Cafe Hitch-hike


Viva la Reina

Or, Long Live the Queen

I had a dream that I was summoned to a parade in my hometown. I served as Mexican Queen in 1993 to a local cultural group in my hometown, and the group wanted past queens to be on a float. I got the invite from Araceli, who was the queen before me. We both weren't sure what it was about, but we agreed to go. I donned my white sash with the green and red embroidered letters Mexican Queen, and also the little tiara they gave me when my term ended. I also wore a simple spring dress and heels, and then headed to the float.

I rarely think about that time in my life, and it came to me as easily as a good friend. I dug out the sash from my box of memories, but the tiara didn't survive the multiple moves over the years. I put on the sash again and looked at myself in the mirror. As queen, I introduced people on stage at fiestas. I attended meetings of the cultural group, about 3 parades, and 2 political forums. I also was in a photo shoot with my court and was on local TV. I gave a speech to middle school kids where I (tried to) encourage them to do well with school.

This position also had try-outs. I was encouraged by multiple people, including a couple of people in the cultural group. I had to submit my grades, a letter or 2 of recommendation, and write about my aspirations. I was interviewed by a panel. I also had to wear folkloric attire and an evening gown (but no swimsuit, hahah). I then had to give a speech on stage.

I actually did not get selected. Someone else did, but 3 months into her term, she decided to leave town to be with her boyfriend who was in college across the state. She couldn't make the events (and expected the group to pay for her bus ticket back to town). She also got pregnant soon after she moved. With that, I got the crown, so to speak, and then I began my regal duties!

In addition to all the things I had to do, the position met with adequate intrigue. I was criticized because most people didn't think I looked very Mexican, and some were appalled that I couldn't speak fluent Spanish. Then, the family who ran the cultural group had very low regard for both sides of my family, and also didn't like my mentor. The final slap in the face was when the cultural group refused to give me the $600 scholarship that went with being the queen. I couldn't even respond to the group's accountant after she told me they were under no obligation to fulfill it, and since they knew I received enough financial aid, they didn't feel I needed it and should just scram. Well, well, that was the thanks I got for my efforts!

My mentor and the head of the Mexican cultural group worked at my local college, and they both reported to the same Grand Pubah. I told my mentor what had happened and he reported it to the GP. The head of the group was reprimanded for what he did, and the GP was able to get me the scholarship from a different source. I was grateful for the GP and my mentor, but told the cultural group they could go stuff it. Soon after, I transferred to University of the Rust Belt State. I didn't think much about being queen after that because of the bullshit.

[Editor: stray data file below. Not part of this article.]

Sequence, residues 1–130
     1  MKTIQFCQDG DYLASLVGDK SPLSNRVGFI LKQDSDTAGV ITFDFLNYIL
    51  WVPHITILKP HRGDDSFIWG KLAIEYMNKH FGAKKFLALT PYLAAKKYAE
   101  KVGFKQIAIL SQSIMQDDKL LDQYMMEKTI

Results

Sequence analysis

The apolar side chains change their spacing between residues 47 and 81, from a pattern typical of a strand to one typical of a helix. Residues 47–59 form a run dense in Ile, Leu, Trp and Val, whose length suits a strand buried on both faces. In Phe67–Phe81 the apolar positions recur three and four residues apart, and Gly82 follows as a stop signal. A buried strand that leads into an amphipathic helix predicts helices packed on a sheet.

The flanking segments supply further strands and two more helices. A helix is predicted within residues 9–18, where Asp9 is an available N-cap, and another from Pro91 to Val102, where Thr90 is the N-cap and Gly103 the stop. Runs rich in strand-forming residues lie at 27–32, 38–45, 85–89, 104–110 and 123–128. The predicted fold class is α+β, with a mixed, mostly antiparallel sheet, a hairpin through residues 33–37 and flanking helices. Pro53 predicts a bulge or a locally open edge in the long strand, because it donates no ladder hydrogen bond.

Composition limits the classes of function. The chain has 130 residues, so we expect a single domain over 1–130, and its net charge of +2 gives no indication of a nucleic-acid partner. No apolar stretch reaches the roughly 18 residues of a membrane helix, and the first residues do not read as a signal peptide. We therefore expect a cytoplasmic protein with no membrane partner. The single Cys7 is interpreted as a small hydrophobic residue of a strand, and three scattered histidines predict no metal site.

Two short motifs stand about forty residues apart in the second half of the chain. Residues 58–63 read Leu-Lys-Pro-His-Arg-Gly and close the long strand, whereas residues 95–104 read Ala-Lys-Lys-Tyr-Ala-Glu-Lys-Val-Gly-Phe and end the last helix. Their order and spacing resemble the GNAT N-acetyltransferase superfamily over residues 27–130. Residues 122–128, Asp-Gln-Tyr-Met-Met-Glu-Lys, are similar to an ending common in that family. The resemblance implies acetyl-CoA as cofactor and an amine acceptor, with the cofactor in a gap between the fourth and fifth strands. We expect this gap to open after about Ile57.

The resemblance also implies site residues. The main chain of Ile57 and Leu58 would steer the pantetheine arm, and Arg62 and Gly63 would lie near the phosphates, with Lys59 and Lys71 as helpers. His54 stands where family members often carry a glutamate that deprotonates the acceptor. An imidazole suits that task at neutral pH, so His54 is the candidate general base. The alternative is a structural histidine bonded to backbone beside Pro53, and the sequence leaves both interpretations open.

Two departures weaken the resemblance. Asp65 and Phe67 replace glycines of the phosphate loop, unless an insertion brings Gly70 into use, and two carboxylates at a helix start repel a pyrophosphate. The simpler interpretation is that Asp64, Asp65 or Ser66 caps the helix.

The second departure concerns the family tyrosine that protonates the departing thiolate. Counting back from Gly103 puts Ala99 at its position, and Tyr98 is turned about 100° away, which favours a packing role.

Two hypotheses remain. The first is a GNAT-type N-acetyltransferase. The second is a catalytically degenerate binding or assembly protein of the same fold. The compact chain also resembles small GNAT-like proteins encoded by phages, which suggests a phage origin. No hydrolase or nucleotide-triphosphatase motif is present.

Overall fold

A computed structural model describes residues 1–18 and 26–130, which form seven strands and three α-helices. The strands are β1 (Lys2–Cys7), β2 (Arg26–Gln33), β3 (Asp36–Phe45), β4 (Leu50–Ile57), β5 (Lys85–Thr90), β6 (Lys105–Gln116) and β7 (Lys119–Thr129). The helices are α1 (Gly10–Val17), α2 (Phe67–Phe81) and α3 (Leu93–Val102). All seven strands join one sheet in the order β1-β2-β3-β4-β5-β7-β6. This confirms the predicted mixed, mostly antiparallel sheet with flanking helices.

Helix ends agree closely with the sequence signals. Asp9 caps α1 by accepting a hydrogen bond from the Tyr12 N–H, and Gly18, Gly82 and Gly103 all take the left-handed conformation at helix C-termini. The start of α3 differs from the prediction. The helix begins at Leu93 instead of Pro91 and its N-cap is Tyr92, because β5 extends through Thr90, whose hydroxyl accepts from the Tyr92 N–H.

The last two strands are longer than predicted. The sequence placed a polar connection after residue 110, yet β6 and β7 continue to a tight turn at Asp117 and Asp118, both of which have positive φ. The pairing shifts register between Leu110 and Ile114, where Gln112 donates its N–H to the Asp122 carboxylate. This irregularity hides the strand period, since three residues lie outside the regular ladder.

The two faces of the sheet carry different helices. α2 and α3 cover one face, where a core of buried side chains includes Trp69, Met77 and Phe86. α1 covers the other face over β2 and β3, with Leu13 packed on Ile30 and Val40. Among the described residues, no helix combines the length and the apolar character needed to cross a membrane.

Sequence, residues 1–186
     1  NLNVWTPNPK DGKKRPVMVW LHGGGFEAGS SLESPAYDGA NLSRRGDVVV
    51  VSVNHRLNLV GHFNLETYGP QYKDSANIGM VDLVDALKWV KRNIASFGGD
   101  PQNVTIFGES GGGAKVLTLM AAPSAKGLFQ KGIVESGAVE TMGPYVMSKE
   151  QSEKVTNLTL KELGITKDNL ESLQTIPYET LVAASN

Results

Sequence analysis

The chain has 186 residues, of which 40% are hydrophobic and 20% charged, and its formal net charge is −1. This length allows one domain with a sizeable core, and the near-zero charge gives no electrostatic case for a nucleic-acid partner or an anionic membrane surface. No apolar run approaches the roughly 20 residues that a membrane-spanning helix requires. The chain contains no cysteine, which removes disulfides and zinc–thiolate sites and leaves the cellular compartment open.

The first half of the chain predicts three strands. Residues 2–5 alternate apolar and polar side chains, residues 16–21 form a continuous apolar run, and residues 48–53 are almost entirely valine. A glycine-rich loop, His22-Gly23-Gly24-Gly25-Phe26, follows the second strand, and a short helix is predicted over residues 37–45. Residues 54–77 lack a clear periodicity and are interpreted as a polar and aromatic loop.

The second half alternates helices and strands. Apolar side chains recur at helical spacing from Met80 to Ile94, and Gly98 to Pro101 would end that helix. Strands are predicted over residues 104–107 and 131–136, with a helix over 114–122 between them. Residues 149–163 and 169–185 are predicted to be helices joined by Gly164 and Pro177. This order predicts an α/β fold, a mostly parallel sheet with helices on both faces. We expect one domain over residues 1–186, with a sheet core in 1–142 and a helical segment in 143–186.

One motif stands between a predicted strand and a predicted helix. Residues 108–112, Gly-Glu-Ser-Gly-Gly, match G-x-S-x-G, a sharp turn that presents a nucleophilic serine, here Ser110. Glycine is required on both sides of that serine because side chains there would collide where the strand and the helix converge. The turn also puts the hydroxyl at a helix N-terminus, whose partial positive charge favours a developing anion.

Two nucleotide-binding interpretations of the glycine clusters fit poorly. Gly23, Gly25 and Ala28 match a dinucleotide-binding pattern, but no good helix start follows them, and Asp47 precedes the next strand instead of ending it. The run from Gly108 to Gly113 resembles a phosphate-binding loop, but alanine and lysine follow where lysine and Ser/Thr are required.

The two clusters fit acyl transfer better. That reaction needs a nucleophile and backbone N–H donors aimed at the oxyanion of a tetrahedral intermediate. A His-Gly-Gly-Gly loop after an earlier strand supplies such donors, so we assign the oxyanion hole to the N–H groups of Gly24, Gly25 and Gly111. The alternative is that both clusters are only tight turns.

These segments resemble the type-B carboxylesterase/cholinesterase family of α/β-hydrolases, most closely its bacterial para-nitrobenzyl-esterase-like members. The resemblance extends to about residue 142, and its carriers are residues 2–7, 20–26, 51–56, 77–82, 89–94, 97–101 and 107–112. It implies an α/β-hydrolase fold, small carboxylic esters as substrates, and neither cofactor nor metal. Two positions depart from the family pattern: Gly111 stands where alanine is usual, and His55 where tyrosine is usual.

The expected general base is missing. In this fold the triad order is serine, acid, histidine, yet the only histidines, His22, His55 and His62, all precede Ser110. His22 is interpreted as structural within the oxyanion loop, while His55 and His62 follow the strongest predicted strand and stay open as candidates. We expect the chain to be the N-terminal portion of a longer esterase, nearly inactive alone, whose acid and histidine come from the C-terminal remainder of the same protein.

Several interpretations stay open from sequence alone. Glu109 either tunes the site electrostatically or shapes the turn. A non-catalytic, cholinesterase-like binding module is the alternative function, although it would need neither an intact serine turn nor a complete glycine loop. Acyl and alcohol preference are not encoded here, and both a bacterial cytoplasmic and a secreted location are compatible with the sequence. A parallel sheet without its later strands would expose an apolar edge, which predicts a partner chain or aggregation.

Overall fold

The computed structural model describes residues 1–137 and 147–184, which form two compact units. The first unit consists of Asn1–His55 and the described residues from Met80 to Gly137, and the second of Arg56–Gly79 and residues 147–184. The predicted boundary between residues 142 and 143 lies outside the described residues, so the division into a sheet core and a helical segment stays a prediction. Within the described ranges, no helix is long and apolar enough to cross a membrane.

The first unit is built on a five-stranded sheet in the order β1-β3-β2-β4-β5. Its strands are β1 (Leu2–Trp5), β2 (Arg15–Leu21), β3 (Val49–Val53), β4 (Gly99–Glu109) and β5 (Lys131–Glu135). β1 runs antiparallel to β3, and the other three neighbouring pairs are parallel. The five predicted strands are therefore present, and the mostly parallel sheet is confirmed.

Then, about 27 years later, I dreamed I was called back. While I was queen, I practiced public speaking and interviewing beforehand. The day after the dream, I donned the sash and looked in the mirror to practice introducing myself. When I finished my spiel, I looked back at what I said. Those weren't bad things to say at all. If anything, it was a hell of a lot better than what a lot of these so-called role models would say about themselves. I concluded that despite the cultural group being the real class acts, they had the right person for the position.

Despite anything they did or said, or whatever others thought, I was able to think about the positive parts of being queen. I'm surprised how much a sash, crown, and smile disarmed people. I didn't feel particularly queen-like, but people often smiled or their expression changed when I'd appear that way. My hair and makeup was so thickly lacquered that even a wintry Michigan gust couldn't move my style (yeah, I know because I froze my ass off on a damn float in windy, 40-degree weather at the end of November). Yeah, I dressed as sharply as I could when I made appearances. I did it to represent the cultural group, and I wanted to be a teacher at the time; it actually was for the kids, too.

I posted the dream on my social media. I took a picture of me with the sash and added pics from 1993. I was surprised how many relatives responded to it! Different people had different memories of it, and I was so touched to see what they had to say. My cousins remembered the parades, my sister remembered a black dress I wore for it, and my uncle remembered when the local TV station caught me at the parade...

...What happened in that occasion was Uncle Joe gave my cousin Kenna some roses to give to me as our parade float came around. The parade marshall let my cousin through, and she presented me with the roses as we drove by. The local TV station had it camera, and about 2 second later had the camera in my face. I smiled big and waved. "Merry Christmas, and Feliz Navidad," I beamed. My name appeared under the my image, and then came the next parade scene.

Even though it was 27 years ago, it made me feel a bit like I was queen all over again. They were my memories, but they also belonged to others. I didn't know they remembered or how it touched them. I even got a couple remarks, 'you were a good queen... you still are a queen.'

It felt so good to take all the happier parts of the experience back, and to reclaim it as mine rather than letting it stay closer to my memories of those haters. I almost can't believe it really was mine (and could had been all this time).

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